Ten Things You Want to Know About Medical Malpractice

Medical malpractice is the bane of every medical professional. You could be sued for something you did, something you didn’t do, and something your subordinates did. Here are 10 things you want to know about medical malpractice.


The Risk of Being Sued Is Far Lower than the Rate of Medical Malpractice

Studies suggest that there are up to a million medical injuries per year, while the number of medical malpractice cases filed per year is just under a hundred thousand. This means that many cases of medical malpractice don’t result in a lawsuit.

Medical Mistakes Are a Leading Killer

We don’t really know how many medical mistakes or cases of medical oversight lead to patient deaths. This is why there is so much uncertainty in the studies estimating the number of deaths and injuries. Johns Hopkins study puts the number at a quarter million deaths per year. Other studies have estimated the number of deaths to be as high as 440,000 per year. This would make medical errors the third leading cause of death in the United States. Only cancer and heart disease kill more. This is why you have a moral obligation to try to avoid making medical mistakes.


Your Risk of Being Sued Depends on Your Profession

Less than twenty percent of pediatricians and psychologists have ever been sued for medical malpractice. More than seventy percent of obstetricians have. Most surgeons have been sued, while it is rare for a nurse to be sued.


Medical Malpractice Suits Hit Many Different Professions

The public tends to think of doctors and hospitals when they hear about medical malpractice cases being filed. However, pharmacists are often sued because of medication errors, as well. Psychiatrists and psychologists can be sued for prescribing medication or failing to deal with patient reports, especially if the case leads to suicide. You can even sue nurses and nursing assistants for failing to turn over the patient in their bed, if it led to bed sores and infections.


Not Every Tragedy Is a Malpractice Case

Our society is so comfortable that it has forgotten how often people died of preventative illnesses, accidents and injuries just a hundred years ago. This leads many people to start searching for an attorney’s contact information the moment someone dies in the hospital or their case has a bad outcome. However, not every tragedy is a medical malpractice case. You don’t have a valid lawsuit if the patient knew there was a 50-50 chance it wouldn’t work. If they knew they might die of the treatment but chose that over dying of the disease, you won’t win a case against the doctor.


There Are Specialized Attorneys for Medical Malpractice Cases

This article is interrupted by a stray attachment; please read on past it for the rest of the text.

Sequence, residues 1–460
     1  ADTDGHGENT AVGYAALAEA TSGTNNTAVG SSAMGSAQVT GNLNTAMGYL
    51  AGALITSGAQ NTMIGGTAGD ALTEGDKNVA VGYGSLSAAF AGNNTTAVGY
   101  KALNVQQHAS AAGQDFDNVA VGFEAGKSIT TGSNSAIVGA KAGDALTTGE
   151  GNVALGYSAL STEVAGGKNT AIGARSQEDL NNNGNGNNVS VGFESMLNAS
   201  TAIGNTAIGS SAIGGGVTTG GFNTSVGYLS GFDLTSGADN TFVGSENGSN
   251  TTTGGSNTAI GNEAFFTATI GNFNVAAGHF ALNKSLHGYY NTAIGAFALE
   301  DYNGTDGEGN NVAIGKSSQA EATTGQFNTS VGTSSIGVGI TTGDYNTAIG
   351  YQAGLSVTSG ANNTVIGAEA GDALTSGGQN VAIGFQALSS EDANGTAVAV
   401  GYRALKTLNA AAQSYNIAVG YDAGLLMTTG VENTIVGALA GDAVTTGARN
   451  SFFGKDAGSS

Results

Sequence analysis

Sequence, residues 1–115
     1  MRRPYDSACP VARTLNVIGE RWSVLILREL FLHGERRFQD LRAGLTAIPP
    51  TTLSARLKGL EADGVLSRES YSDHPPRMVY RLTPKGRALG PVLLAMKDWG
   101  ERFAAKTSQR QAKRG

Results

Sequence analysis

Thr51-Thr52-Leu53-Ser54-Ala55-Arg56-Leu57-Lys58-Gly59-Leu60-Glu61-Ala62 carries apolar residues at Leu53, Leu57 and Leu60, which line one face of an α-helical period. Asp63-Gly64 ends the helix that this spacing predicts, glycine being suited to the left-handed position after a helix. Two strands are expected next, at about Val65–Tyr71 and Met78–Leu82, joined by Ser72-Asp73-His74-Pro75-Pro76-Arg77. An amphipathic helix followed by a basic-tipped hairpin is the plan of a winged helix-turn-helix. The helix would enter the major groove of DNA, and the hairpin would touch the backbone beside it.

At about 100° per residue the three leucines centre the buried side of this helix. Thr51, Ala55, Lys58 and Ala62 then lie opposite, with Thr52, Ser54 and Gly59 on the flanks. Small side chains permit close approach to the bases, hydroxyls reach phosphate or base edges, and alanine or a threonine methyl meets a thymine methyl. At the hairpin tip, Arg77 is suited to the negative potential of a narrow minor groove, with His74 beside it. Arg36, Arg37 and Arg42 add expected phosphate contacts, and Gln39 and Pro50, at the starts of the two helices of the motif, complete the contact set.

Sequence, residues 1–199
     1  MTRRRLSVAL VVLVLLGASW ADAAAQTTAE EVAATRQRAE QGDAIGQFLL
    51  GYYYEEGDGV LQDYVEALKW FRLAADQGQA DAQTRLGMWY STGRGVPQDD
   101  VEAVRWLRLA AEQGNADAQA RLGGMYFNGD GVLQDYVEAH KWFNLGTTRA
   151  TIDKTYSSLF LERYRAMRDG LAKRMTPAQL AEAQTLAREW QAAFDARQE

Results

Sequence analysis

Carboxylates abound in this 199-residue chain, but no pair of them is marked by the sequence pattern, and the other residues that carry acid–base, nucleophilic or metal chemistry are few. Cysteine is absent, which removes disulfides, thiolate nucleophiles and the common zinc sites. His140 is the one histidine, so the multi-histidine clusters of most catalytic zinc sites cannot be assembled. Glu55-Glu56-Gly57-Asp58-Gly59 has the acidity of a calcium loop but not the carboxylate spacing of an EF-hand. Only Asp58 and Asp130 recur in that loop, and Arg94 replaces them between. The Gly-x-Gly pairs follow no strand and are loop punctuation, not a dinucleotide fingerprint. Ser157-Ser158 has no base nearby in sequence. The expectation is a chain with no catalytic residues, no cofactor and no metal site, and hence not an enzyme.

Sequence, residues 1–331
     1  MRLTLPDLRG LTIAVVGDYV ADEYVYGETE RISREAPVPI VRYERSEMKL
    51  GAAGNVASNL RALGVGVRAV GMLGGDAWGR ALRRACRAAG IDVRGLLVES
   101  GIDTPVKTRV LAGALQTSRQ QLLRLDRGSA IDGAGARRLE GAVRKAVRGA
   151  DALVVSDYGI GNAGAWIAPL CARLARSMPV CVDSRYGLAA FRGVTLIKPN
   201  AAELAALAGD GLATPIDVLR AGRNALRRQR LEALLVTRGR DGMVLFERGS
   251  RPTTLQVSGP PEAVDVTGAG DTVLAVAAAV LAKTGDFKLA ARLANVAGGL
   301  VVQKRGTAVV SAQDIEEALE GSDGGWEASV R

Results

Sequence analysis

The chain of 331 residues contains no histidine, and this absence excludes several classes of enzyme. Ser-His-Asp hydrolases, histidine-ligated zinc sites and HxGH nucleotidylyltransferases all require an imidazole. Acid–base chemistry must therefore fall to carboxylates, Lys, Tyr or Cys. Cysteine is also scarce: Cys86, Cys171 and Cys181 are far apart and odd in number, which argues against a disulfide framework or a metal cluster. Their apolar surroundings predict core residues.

Whether you spent an extra week in the hospital due to a medical oversight or you’re being sued by a patient, you need expert legal advice to handle malpractice situations. A personal injury attorney may be able to help, but your odds of winning your case go up when the attorney has experience with medical malpractice cases.


Most Cases Don’t Go to Trial

Medical dramas make it look like every case goes to court. In real life, less than ten percent of medical malpractice cases go to a jury trial. Most are settled in adjudication or simply resolved with a settlement offer.


A Lawsuit Doesn’t Equal Bankruptcy

Many people who suffer negative outcomes sue, but as we’ve said, this is not necessarily the healthcare provider’s fault. Furthermore, many patients are simply seeking to be made whole, not receive a major payout. This is why roughly four fifths of medical malpractice claims end with no payment to the patient, though it may include care for their injuries at no cost to them. If you do have to pay for the damages, insurance may pay for it instead of you paying out of pocket.

You Can Reduce Your Risk of Being Sued

Due diligence is one solution. Unfortunately, this leads to defensive medicine and its attendant costs. Some doctors refuse to take complex cases or high risk patients. Recommending patients get a second opinion can lower your risk profile, as well. Take care to ask about what medications, herbs and over the counter drugs they’re taking before prescribing something to them. This reduces the risk of adverse drug interactions.


Liability Can Be Complicated

Sometimes the patient doesn’t know who to blame. This can result in everyone who provided care being sued. On the other hand, determining liability can be challenging. For example, suppose someone didn’t wake up after a medical procedure. Is it the fault of the anesthesiologist, the surgeon, or the patient’s state of health? Sometimes the patient chooses to sue the hospital or medical facility instead of or in addition to the doctor, because that increases the odds of some sort of settlement.

Photo by Sora Shimazaki from Pexels

Armin Brott

View posts by Armin Brott
Armin Brott is the proud father of three, a former U.S. Marine, a best-selling author, radio host, speaker, and one of the country’s leading experts on fatherhood. He writes frequently about fatherhood, families, and men's health. Read more about Armin or visit his website, mrdad.com. You can also connect via social media: Facebook, Twitter, Pinterest,  and Linkedin.

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